Change of Ownership Impacts on PPP Loan Borrowers and Private Equity’s Strategy
October 09, 2020
By Ethan Boothe
Following EisnerAmper’s Alert on the Small Business Administration (SBA) issuing a procedural Notice on Paycheck Protection Program (PPP) loans and changes of ownership, private equity investors are expected to continue to be actively seeking investments in platform companies and bolt-on deals for the remainder of 2020 and most likely all of 2021, as they have unprecedented amounts of dry powder that must to be put to work. Many of the companies raising institutional capital since the Summer of 2020 have taken PPP loans, which now must be taken into consideration when structuring any transaction.
Many private equity funds have made the determination that they do not want any of their controlled companies to have PPP loans due to the optics of accepting government assistance and dealing with the issue of need certification. Financial buyers have a few options to consider. First, they could treat the PPP loan like a debt-like item to be paid at closing. In this scenario, the seller will repay the loan and the liability is eliminated as the PPP note is now fully satisfied.
Another option, if possible, is to delay the close until the seller has filed the PPP Loan Forgiveness Application and received final determination of loan forgiveness from the SBA. Final determination of the forgivable amount can take up to 150 days (60 days for lender and 90 days for the SBA). The delay can also increase risk as the business could be impacted and the sellers could have a change of heart around purchase price or even their desire to sell the business during any delay period. It should also be considered that there would be a full audit by the SBA of any forgiveness application of any company that took out more than a $2 million PPP loan, so the buyer would be well advised to protect themselves through indemnifications and appropriate escrows in the purchase agreement.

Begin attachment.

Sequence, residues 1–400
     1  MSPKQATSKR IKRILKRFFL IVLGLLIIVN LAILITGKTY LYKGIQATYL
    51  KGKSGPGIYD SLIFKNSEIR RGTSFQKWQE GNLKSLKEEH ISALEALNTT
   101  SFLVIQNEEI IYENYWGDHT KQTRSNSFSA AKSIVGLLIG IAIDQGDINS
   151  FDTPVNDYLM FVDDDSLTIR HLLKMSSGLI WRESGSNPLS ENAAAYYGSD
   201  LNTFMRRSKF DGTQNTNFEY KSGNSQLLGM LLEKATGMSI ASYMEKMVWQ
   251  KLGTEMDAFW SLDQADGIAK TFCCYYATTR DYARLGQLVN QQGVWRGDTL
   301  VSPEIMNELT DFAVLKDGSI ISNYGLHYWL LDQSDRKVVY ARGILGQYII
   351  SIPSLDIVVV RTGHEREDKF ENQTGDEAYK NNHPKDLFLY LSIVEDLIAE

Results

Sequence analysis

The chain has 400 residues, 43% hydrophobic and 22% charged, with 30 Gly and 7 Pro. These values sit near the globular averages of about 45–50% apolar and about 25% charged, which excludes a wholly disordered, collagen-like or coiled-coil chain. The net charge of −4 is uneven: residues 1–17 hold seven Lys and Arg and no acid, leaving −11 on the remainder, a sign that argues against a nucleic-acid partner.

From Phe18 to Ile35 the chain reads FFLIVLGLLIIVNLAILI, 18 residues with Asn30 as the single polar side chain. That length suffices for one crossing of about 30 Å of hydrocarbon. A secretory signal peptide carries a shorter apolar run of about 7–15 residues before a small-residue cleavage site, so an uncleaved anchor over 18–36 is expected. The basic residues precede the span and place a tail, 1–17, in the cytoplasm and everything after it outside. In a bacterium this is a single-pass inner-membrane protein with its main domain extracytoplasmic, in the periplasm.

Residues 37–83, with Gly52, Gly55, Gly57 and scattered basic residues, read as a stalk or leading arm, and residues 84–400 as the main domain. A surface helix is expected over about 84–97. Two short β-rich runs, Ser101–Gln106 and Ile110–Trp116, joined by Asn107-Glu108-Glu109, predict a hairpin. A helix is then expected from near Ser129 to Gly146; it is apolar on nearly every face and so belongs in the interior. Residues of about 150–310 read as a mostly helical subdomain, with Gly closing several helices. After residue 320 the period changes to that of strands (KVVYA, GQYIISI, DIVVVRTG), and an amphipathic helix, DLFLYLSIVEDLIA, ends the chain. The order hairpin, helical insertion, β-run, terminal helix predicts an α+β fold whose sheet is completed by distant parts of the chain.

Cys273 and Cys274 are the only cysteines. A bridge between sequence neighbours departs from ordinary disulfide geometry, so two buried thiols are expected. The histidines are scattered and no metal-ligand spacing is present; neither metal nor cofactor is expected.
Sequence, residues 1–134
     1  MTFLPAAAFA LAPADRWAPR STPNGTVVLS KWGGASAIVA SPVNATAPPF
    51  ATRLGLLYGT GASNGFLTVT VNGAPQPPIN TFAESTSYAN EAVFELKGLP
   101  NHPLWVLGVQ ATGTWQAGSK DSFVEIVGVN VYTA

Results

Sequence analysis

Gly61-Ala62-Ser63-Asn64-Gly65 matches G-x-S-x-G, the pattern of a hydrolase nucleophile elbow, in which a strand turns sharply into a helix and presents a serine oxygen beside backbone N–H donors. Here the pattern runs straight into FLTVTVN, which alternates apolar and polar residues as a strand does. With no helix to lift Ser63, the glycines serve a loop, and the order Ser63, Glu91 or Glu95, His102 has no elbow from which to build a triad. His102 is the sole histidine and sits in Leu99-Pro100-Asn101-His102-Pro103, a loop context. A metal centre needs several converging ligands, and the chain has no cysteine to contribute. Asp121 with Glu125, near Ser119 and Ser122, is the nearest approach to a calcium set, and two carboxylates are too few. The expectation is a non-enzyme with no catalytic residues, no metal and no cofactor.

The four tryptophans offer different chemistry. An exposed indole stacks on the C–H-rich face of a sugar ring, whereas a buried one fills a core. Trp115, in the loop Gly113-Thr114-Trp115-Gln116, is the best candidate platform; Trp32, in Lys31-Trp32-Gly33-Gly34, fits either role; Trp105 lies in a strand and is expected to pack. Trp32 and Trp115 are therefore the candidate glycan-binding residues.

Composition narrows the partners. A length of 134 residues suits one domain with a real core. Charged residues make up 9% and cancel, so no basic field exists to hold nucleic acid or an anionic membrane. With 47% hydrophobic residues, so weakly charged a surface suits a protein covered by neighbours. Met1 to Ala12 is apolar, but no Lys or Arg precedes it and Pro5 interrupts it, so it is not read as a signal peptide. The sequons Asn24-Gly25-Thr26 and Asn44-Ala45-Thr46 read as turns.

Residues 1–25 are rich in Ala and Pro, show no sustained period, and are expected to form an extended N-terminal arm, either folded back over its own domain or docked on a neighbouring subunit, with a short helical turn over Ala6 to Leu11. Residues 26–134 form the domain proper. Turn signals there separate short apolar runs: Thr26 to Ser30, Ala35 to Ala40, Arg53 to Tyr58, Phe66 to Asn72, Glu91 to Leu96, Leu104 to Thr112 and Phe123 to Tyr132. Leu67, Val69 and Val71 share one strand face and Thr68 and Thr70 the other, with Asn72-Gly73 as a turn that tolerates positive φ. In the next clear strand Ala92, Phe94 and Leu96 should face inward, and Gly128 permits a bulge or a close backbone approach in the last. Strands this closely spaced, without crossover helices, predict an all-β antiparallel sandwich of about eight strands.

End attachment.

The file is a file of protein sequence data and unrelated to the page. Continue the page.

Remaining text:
Assumption of the PPP loan by the buyer could be another option. In this scenario, the buyer would be assuming more risk; in order to mitigate that risk, there should be significant pre-close diligence placed on the need certification, documentation the seller provided to originally secure the PPP loan and documentation supporting the forgiveness application. The buyer will also want to consider setting up an escrow account that will be released to the seller once the PPP note is fully satisfied. Lastly, the buyer will need to set up proper indemnifications to mitigate against a future audit associated with the original PPP loan.